Máster Universitario en Conversión de Energía Eléctrica y Sistemas de Potencia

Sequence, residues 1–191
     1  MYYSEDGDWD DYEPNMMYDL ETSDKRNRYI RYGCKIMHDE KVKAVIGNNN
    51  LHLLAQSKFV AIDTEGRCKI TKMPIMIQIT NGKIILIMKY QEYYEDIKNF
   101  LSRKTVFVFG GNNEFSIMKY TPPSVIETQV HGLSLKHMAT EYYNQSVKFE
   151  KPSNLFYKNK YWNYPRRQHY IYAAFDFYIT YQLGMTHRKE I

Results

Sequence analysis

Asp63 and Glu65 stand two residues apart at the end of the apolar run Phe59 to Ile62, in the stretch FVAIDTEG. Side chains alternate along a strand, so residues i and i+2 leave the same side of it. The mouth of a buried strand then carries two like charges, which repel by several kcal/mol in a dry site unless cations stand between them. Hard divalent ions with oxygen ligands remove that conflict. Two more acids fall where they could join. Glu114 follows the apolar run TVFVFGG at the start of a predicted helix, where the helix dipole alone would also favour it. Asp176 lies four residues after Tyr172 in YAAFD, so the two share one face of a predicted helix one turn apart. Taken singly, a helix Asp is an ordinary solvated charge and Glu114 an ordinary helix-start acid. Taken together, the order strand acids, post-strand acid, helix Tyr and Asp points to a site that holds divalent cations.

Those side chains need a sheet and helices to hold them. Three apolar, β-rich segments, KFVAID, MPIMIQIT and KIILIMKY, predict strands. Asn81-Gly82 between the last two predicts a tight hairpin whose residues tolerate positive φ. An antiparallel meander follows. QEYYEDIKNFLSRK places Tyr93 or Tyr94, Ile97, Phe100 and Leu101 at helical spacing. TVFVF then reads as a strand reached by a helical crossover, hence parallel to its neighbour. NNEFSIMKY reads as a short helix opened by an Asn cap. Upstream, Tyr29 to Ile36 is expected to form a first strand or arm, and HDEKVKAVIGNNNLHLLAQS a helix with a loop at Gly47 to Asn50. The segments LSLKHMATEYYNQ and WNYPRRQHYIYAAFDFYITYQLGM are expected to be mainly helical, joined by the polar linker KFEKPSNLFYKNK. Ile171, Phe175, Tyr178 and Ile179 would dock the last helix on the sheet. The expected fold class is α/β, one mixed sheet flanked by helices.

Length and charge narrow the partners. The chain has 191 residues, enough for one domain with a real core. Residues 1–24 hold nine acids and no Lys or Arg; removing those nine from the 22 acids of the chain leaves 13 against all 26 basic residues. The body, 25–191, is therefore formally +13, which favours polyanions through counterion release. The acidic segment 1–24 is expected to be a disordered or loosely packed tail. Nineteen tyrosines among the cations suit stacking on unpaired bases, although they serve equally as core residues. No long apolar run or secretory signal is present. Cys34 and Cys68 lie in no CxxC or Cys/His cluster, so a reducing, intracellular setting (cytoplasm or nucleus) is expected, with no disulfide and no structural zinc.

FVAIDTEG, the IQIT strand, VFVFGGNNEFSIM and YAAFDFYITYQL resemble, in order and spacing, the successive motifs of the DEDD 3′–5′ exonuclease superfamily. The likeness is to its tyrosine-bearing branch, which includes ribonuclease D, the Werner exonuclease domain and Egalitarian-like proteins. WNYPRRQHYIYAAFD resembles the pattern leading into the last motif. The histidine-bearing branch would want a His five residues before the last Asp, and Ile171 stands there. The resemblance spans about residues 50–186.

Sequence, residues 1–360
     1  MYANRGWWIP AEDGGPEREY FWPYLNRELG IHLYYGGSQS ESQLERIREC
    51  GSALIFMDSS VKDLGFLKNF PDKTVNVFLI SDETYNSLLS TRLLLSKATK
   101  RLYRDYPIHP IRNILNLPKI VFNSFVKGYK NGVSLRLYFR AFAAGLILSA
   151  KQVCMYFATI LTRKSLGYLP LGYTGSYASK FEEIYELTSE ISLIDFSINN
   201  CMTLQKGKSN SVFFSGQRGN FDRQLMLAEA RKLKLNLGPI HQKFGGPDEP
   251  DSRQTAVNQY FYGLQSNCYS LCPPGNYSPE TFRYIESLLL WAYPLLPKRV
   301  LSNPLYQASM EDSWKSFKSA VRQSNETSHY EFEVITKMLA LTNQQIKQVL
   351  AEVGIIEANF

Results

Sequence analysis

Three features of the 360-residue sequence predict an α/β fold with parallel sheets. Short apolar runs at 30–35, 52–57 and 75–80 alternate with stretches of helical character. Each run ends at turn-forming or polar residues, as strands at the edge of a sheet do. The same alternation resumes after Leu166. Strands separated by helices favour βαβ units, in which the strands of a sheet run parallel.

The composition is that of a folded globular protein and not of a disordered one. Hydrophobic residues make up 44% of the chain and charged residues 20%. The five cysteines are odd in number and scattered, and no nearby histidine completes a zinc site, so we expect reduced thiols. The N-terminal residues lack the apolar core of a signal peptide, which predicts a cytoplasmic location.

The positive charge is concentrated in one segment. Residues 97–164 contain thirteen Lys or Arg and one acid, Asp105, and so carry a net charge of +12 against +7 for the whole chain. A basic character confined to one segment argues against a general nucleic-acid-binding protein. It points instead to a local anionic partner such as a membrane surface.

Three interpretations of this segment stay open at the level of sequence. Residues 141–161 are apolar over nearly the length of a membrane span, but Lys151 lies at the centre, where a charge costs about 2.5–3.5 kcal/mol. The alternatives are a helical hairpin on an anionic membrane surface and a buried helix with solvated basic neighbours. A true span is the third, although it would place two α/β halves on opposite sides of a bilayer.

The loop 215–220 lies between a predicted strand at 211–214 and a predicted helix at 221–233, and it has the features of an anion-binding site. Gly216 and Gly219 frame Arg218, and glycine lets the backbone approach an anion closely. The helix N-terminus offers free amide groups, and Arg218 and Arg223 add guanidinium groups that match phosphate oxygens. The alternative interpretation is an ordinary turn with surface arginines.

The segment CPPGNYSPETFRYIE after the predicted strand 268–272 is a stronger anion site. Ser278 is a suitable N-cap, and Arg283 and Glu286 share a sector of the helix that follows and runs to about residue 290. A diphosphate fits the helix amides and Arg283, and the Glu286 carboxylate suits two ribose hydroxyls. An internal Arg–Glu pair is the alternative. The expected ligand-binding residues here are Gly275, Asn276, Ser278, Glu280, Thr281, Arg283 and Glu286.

Simulation model and evaluation of a self-sensing method based on flux tracking using measured phase voltage for motion control in the zero-to-low speed operation range of surface permanent magnet synchronous machines (SPMSMs). The limitation of previous non-injection based self-sensing methods, especially at zero-to-low speed, is an inaccurate voltage reference due to inverter nonlinearities and a back-EMF term which approaches zero frequency as speed does. This research focuses on a thorough investigation of the limitations of back-EMF tracking at zero-to-low speeds with measured phase voltages, using a patented, but relatively undocumented methodology to measure back-EMF at zero-to-low speeds. The induced voltage and current responses to the permanent magnet flux at zero-to-low speeds is modeled and simulated under a variety of conditions in order to determine the optimal position state filter or observer. The resultant motion control system is evaluated via dynamic stiffness and under a set of different conditions of torque load (TL) in order to determinate the limitations of this flux tracking approach. The outcome of this research is an understanding of the effects of bandwidth selection for the PLL and motion and current controllers, an evaluation of the disturbance rejection capabilities of closed loop control at zero-to-low speeds, and a method for using measured stator voltage for enhanced zero-to-low speed position estimation for flux tracking self-sensing methods.